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US men against Honduras a chore to watch compared to USWNT

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The United States Men’s National Team (USMNT) began the defense of its CONCACAF Gold Cup title with an underwhelming and fortuitous 2-1 victory over Honduras in Frisco, Texas on Tuesday evening. This match came just two nights after the United States Women’s National Team (USWNT) wowed the nation and won the hearts and minds of Americans from coast-to-coast with a 5-2 victory over Japan in the FIFA Women’s World Cup final.

Expectations for the USMNT are never quite as high as they are for USWNT, but nonetheless the poor play of the US men stood in direct contrast to how the US women — in spite of tactical criticisms — played during the entire World Cup. The USMNT appeared to lack any sense of urgency or the basic intensity required to deal with inferior opposition on home soil. Head Coach Jürgen Klinsmann fielded a lineup that perhaps represented his best XI, but was a mishmash of veteran players and youngsters who have impressed in recent friendlies. Simply put, it didn’t work and the manager failed to make required tactical changes during the entire match.

Klinsmann’s opposite number Jorge Luis Pinto is an open book. His teams press high at times but during most of the match sit deep and break quickly. In the first twenty minutes of the game, Honduras implemented this philosophy, pressing high at times and forcing some loose passing by the US midfield and backline. But at other moments the Hondurans sat deep and appeared organized and extremely dangerous in counter-attacking situations. Only a set piece undid the Hondurans in a first half they largely controlled.

The second half was much of the same, save the US goal. Klinsmann’s failure to make meaningful tactical changes stands in direct contrast to USWNT Head Coach Jill Ellis who was open to changing style and ideas during games even in the group stage when the USWNT arguably underperformed.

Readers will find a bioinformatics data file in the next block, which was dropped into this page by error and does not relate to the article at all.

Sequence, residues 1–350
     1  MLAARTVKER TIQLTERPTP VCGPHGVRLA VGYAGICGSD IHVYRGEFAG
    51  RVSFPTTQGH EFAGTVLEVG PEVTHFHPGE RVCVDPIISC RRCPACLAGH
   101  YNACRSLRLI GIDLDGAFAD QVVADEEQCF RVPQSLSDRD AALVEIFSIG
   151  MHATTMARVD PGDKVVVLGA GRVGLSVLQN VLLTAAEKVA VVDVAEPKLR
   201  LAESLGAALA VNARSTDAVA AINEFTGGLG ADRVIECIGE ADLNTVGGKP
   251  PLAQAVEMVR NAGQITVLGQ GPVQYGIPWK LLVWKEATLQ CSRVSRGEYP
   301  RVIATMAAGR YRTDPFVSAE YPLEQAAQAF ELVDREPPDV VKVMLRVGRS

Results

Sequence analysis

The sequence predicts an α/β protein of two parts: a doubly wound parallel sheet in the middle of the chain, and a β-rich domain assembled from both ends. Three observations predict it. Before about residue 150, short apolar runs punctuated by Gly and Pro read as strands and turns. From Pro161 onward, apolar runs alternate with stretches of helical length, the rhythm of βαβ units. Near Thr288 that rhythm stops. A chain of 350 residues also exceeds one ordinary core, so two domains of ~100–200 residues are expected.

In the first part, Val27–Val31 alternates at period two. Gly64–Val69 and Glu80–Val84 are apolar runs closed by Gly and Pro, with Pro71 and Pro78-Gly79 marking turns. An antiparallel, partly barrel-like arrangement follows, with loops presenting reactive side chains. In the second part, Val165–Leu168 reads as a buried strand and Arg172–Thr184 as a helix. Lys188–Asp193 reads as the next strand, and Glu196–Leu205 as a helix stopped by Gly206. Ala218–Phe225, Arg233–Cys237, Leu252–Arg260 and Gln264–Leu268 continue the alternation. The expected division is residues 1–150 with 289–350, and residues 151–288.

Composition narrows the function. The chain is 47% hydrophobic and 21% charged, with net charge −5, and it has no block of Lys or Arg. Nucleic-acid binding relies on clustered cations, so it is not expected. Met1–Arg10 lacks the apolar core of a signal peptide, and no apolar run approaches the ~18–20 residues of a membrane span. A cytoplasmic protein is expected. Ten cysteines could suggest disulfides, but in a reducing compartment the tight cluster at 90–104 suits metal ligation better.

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Another striking contrast between the teams is in technical ability and tactical understanding. The United States men’s players yesterday often exhibited a bad first touch, poor passing rhythm and a lack of understanding of what their teammates were doing. The US lacked imagination and ideas throughout the match, and lacked the type of passion required at the international level. Ultimately being on home soil and facing opposition incapable of taking full advantage of the USMNT’s ineptitude and indifference allowed Klinsmann’s men to claim all three points.

By contrast, the US women have players that are technically and tactically adept. Players that are aware enough to find space in the opposition half and figure things out on the fly if they aren’t going well. Unfortunately, beyond Michael Bradley, the US men lack such savvy players on the pitch. Often times simple hustle and dumb luck drive the USMNT to get results – the former was lacking against Honduras on Tuesday night.